What the Euro Will Look Like in Five Years

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Believe it or not, there was a time when investors saw the euro as the savior currency of the world.

People talked about how the euro would replace the dollar as the world's reserve currency - and there was plenty of proof to support that opinion.

At the time, t he European Central Bank (ECB) had the right monetary solutions in place to fight inflation, while the U.S. Federal Reserve was struggling to keep inflation under control . That was another point for the euro, and a strike for the dollar.

So not surprisingly, central banks started replacing some of their U.S. dollar reserves with euros, and the euro became a second "reserve currency" for central banks.

The euro also soared past the dollar in just a few years. In fact, the euro shot up from 82 cents at its inception to $1.60 in less than 10 years.

Yes, it seemed that the planets were aligned for the euro to step up to the plate and become the world's reserve currency.

But that's because the euro had never experienced a real "rough patch," or serious monetary crisis.

Fast forward to 2008.

The Euro Gets its First Test

Once the credit crisis was in full bloom in mid-2008, loans dried up and unemployment went to 10% in the United States and Eurozone.

When crisis struck in 2008, the euro came under pressure. Germany and France could handle the issues, but the world quickly learned that Greece, Portugal, Spain, Ireland, and Italy were the Eurozone's downfall.

The euro can only be as strong as these weakest links. Unfortunately, none of these weak links have recovered yet. More importantly, they are not going to recover anytime soon.

A bond crisis like the ones erupting in Greece, and to a lesser extent Portugal and Ireland, can take years to shake out.

That's why, to this day, no matter how many loans the ECB or the International Monetary Fund (IMF) gives Greece, Portugal or the other nations in debt, they still haven't been able to fix this problem.

The European Union (EU) continues to give Greece bailout funds. But securing bailout money will not solve things. It's just a band-aid, not a cure.

The larger problem is that the ECB sets an interest rate policy that does not work for all EU nations.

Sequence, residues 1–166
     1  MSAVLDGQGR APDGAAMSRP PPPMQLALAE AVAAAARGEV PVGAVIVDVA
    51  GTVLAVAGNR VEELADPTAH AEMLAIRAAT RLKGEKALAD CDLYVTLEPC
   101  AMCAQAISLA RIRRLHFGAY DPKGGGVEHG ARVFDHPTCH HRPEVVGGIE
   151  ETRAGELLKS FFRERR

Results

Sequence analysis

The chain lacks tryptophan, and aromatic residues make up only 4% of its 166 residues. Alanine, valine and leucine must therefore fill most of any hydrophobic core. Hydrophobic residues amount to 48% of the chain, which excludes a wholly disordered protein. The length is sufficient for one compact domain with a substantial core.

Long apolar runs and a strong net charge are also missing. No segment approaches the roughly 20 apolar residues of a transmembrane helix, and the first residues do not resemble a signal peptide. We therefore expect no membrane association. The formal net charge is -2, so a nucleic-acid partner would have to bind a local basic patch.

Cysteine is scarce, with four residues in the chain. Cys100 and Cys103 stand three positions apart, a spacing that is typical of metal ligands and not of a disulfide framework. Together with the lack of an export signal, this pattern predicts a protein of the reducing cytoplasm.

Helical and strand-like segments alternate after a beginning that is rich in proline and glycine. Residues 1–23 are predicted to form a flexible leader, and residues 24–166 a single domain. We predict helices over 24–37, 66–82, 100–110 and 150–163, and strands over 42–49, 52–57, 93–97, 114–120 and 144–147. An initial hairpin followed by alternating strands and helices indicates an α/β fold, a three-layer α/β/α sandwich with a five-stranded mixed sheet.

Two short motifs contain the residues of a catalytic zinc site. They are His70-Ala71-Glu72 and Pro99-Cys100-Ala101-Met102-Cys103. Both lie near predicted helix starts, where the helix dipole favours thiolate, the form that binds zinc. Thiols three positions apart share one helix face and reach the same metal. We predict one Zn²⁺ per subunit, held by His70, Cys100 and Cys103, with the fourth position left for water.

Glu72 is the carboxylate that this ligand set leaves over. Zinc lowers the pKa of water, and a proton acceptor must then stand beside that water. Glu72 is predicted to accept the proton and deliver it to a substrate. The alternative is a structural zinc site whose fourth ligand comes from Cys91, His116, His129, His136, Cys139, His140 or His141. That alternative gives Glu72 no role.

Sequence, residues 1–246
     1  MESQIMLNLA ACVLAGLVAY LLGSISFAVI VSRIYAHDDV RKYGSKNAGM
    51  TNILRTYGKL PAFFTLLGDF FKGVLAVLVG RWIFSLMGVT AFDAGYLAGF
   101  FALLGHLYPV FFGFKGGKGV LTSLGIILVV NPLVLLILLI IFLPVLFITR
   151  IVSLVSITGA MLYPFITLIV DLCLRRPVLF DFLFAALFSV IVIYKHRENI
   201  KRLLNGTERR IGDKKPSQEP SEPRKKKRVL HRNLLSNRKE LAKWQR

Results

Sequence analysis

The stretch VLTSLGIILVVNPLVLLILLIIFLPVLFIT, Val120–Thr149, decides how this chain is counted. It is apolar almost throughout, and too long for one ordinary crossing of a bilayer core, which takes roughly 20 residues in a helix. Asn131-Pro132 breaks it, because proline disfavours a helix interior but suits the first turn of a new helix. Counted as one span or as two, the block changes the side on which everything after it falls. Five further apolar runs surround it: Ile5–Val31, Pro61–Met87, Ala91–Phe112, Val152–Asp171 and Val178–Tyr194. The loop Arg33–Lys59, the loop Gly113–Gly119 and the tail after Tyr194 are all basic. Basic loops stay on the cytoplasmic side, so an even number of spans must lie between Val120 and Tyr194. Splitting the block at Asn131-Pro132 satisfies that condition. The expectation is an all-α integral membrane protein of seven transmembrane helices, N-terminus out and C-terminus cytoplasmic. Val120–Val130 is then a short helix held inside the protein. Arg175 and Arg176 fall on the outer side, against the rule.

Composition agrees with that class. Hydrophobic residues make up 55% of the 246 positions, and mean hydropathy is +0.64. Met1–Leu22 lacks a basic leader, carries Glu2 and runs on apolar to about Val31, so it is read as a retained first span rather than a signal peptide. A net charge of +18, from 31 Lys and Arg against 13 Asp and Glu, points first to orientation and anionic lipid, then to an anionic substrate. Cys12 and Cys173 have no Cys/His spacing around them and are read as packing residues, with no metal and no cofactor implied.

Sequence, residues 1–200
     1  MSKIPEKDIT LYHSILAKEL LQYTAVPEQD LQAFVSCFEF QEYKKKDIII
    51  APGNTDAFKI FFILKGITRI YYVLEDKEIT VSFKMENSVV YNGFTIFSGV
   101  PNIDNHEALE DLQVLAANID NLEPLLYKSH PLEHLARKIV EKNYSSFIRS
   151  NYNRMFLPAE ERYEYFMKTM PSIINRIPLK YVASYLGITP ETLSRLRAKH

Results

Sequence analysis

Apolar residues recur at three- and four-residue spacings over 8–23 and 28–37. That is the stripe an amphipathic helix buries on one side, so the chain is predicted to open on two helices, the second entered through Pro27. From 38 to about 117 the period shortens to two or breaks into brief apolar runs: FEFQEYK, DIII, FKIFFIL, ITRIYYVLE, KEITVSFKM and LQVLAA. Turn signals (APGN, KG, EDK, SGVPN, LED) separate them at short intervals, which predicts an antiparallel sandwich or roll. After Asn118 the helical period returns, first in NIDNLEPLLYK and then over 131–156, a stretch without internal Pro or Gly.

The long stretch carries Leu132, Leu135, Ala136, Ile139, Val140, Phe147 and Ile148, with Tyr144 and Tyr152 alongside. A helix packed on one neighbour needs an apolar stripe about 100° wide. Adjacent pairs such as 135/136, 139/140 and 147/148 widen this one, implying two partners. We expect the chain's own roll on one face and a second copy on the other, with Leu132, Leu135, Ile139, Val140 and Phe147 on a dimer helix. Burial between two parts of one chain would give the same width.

Our New Currency Guru: Sean Hyman

Larger, more fiscally sound nations like Germany and France can handle it when the ECB hikes rates. The smaller debt-ridden nations can't. These guys are quickly finding this out now.

Here's How It All Ends Up

In the next five years, I highly doubt the Eurozone will keep all its members. It will still exist, though. The euro will survive.

But for that to happen, it will have to purge the dead weight that's dragging it down.

In 2016, I'd say only the larger countries will still be in the euro. I have no doubt that Germany and France make the cut. They will probably find some way for Italy and Spain to stay in the euro, too. These are the largest economies (by GDP) in the Eurozone.

Most of the smaller economies are one-third or one-fourth the size of these larger ones. I believe that most of them will be forced to exit the euro and institute another "home currency" for themselves.

One of the only smaller countries that seems to handle the overall interest rate policies is Estonia. It has a fast- growing economy and a budget surplus.

Aside from that, I have my doubts about most of the other smaller economies making it longer-term with the euro. (That includes the smaller Greece, Ireland, Italy, and Portugal.)

With countries having their own currencies and central banks, when debts pile up, they will be able to simply devalue their currency (similar to how the Fed has done with the dollar).

It's not the best solution, but it will help pay off their debts. And the smaller countries will no longer drag down the larger economies.

In the end, it will work out best for the Eurozone. However, as this process unfolds, and one country after another leaves the euro currency, it's going to destroy whatever positive sentiment is left in the euro.

That's why I see the euro/U.S. dollar (EUR/USD) exchange rate heading so much lower. In fact, I believe the euro could hit parity with the U.S. dollar in the next five years. (Something that hasn't happened since 2002.)

As this all unfolds, there will be some incredible opportunities to short-sell the euro in the forex market, especially against the dollar. That involves short-selling the EUR/USD pair.

Bottom line: The euro woes are far from over. Over the next five years, we'll see this play out in the currency market as the euro plummets in value. As a trader, I'll certainly be looking to short the euro as it continues to fall.

[Bio Note: With the outlook for the dollar and the euro growing increasingly bleak, many readers have asked us about currency trading. So we decided to respond by bringing on a new currency expert - Sean Hyman. Hyman is a veteran currency trader with more than 20 years of experience. He also currently serves as Investment Director for World Currency Watch, and editor of Currency Cross Trader. Watch for his columns on currency trading in Money Morning.]

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